The Internal Revenue Service (IRS) is responsible for collecting taxes in the United States, and part of their efforts include auditing taxpayers to ensure compliance with tax laws. While audits can be a stressful experience, it’s important to understand that the majority of taxpayers are not audited. According to the most recent data from the IRS, approximately 0.5% of tax returns are audited each year. However, there are certain red flags that could increase your chances of being audited. In this blog post, we’ll explore 8 red flags for IRS audits.
- One of the most common red flags that triggers an IRS audit is omitting income from your tax return. The IRS has a sophisticated document matching system that cross-checks the information on your tax return against data collected from employers, banks, and investment groups. It is essential to include all tax documents received on your tax return to avoid discrepancies. If the IRS finds any unreported income, they will send a notice indicating that your return has been flagged for an audit. Therefore, it is crucial to double-check all your income sources and report them accurately to avoid any potential issues with the IRS.
- The Earned Income Tax Credit (EITC) can provide substantial tax benefits to eligible taxpayers, but the rules surrounding eligibility are quite complex. In fact, the IRS estimates that around 25% of the returns claiming this credit contain errors. Since the EITC amount can be significant and increases with the number of qualifying children, it is a high-risk area for mistakes and errors. As such, taxpayers should take extra care to ensure they meet all the eligibility requirements before claiming this credit on their tax return.
- Working in a cash-heavy business like bars, hair salons, or restaurants can raise red flags for the IRS. Because these businesses deal primarily in cash, there is a temptation for some business owners to underreport their income. The IRS knows this and will be paying close attention to any discrepancies between reported income and actual revenue. If you’re running a cash-heavy business, it’s important to keep detailed records of all your transactions and report all income accurately.
- Rental losses are another red flag that can trigger an IRS audit. While it’s common for rental properties to generate losses in the early years, losses that persist beyond that point can raise suspicions. This is especially true if those losses are not due to depreciation. If you’re claiming rental losses, make sure you can back up your deductions with accurate records and documentation.
- Self-employed taxpayers have a significantly higher likelihood of being audited, with a 300% greater chance than the average taxpayer. This is due to the fact that many self-employed individuals fail to report all of their income, which IRS agents have observed over time. Additionally, self-employed taxpayers are permitted to deduct business expenses from their self-employment income. However, the IRS is aware that some taxpayers may deduct personal or nondeductible expenses or exaggerate expenses on their tax returns. When large cash expenses exceed business income, this raises a red flag, as does reporting losses year after year. Few taxpayers are able to sustain a business loss over multiple years, and this can draw the attention of the IRS.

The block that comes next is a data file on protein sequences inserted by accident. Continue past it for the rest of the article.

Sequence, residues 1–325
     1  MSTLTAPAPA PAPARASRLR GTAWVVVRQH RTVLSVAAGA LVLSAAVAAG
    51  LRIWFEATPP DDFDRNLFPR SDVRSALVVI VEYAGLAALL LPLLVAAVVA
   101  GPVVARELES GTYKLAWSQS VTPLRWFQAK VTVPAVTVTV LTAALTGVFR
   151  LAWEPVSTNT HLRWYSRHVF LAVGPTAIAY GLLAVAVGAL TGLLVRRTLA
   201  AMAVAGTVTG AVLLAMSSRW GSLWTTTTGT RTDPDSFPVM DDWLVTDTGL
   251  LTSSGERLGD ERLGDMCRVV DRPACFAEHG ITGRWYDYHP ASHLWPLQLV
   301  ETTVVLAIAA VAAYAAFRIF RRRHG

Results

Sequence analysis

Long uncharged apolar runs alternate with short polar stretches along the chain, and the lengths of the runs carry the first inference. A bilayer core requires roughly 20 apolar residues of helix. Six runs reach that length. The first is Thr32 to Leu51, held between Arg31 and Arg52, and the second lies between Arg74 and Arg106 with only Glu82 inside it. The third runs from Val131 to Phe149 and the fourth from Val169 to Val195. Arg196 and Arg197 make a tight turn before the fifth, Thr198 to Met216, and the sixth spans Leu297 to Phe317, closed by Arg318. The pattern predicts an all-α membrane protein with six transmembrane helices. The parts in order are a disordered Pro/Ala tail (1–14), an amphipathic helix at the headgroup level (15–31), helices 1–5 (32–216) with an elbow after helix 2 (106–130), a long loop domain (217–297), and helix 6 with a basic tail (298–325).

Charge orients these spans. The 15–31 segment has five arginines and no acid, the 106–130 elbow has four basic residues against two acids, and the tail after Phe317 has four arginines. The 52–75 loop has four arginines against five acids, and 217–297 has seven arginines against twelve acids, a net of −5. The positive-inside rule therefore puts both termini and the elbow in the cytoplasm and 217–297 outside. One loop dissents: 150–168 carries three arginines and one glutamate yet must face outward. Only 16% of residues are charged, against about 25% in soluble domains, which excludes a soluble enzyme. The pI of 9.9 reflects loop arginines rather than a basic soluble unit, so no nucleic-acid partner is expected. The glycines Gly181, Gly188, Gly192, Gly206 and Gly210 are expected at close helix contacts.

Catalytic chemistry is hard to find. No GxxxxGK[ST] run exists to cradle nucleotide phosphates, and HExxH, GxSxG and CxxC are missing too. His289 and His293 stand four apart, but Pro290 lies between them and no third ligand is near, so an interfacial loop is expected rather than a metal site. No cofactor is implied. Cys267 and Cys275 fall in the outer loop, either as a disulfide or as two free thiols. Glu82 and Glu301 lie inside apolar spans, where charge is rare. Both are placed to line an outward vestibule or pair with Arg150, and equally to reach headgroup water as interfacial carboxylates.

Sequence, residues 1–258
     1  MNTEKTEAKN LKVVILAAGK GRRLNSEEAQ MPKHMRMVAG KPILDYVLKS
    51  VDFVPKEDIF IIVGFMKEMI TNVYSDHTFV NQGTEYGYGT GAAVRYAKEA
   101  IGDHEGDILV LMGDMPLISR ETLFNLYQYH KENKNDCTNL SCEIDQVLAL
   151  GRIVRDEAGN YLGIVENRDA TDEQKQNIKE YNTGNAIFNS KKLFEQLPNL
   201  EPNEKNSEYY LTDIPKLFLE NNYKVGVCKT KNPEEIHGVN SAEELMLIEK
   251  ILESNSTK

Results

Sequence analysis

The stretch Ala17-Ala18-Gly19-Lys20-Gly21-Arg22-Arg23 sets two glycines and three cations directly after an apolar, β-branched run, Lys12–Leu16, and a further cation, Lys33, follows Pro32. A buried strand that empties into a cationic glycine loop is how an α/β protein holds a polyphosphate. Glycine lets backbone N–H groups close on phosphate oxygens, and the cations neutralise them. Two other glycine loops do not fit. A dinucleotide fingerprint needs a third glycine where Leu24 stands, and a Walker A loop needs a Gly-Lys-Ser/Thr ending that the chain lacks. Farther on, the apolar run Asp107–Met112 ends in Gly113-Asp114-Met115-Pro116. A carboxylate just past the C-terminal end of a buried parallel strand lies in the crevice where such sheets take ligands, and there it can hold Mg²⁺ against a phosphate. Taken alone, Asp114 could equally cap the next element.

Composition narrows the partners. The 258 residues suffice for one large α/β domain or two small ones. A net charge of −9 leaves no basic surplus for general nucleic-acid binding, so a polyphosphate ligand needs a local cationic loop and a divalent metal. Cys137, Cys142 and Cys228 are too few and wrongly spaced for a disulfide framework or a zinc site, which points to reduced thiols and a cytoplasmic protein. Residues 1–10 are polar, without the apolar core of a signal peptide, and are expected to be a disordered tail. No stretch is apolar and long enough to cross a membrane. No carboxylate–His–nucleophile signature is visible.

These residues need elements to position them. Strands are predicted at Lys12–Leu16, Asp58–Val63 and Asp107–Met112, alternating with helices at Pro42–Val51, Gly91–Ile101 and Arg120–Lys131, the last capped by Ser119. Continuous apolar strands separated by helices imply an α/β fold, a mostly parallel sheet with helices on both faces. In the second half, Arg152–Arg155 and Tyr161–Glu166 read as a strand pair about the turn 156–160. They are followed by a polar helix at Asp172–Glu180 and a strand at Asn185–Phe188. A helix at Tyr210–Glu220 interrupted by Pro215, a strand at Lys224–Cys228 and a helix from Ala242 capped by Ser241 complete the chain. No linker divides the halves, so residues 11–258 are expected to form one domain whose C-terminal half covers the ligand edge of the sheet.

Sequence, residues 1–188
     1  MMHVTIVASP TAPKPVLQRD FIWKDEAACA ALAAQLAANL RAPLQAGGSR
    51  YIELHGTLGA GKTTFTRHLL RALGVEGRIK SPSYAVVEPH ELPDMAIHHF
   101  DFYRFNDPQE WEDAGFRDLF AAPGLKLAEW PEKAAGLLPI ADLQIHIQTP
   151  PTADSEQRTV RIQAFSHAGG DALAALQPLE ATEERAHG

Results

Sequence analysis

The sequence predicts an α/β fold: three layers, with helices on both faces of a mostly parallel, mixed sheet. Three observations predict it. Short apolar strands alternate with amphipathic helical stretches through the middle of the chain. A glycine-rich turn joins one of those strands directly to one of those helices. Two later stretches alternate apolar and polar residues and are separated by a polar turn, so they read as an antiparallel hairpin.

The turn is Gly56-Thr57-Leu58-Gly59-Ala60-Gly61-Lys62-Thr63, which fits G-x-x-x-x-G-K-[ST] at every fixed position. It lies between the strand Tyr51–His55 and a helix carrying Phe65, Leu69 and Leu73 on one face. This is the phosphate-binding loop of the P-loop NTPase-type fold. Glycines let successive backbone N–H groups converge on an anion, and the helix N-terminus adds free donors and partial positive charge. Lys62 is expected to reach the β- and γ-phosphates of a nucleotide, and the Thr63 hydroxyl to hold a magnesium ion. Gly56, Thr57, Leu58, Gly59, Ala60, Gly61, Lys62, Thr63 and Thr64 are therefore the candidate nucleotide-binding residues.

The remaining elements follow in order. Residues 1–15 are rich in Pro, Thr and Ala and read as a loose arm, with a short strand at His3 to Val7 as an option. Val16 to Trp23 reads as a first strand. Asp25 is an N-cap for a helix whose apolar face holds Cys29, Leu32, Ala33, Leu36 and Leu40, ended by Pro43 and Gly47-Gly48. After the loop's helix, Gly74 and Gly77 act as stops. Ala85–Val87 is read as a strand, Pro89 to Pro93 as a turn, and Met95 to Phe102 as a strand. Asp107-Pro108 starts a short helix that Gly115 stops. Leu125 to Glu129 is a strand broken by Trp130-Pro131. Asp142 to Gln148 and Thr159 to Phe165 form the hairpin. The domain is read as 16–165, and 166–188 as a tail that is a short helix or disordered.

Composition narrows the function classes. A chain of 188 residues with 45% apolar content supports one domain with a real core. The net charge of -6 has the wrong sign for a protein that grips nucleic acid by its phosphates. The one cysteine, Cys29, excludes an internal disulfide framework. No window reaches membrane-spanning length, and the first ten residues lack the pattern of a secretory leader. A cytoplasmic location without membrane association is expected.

- With the rise of sharing economy platforms like Airbnb and Uber, more people are earning income from non-traditional sources. However, many of these individuals may not be aware of the tax implications of their earnings, and as a result, may underreport or exclude income altogether. If you’re earning income from the sharing economy, it’s important to understand your reporting obligations and keep accurate records of all transactions.
- Claiming 100% use of a vehicle for business purposes can also be a red flag for the IRS. While it’s certainly possible to use a vehicle exclusively for business purposes, it’s important to keep detailed records of all mileage and expenses. Failing to do so can raise suspicions, particularly if the claimed deductions seem excessive. If you’re claiming business use of a vehicle, make sure you have accurate records to support your deductions.
- Consistently showing losses on your Schedule C can also raise red flags for the IRS. While it’s common for new businesses to generate losses in their early years, if those losses persist over a long period of time, it can call into question whether the business is truly a business, or just a hobby. The IRS has specific rules for distinguishing between a business and a hobby, and if you’re claiming losses, you’ll need to be able to show that you’re operating your business with the intent of making a profit.
So, what can you do to be more prepared and lessen your risk of an IRS audit?
Keep detailed and accurate records: The more organized and detailed your records are, the less likely it is that you will make mistakes or leave out important information. This includes keeping receipts, invoices, and other documents that support your tax return.
Report all income: Make sure you report all income you receive, even if it is not reported to the IRS on a 1099 or W-2 form. The IRS matches all reported income against tax returns, so any discrepancies may trigger an audit.
Be cautious with deductions: Make sure you are eligible to claim any deductions you are taking, and be careful not to inflate or exaggerate them. Large or unusual deductions can raise a red flag with the IRS.
Use a tax professional: Consider using a qualified tax professional to prepare your tax return. They can help you identify deductions and credits you may be eligible for, and can ensure that your return is accurate and complete.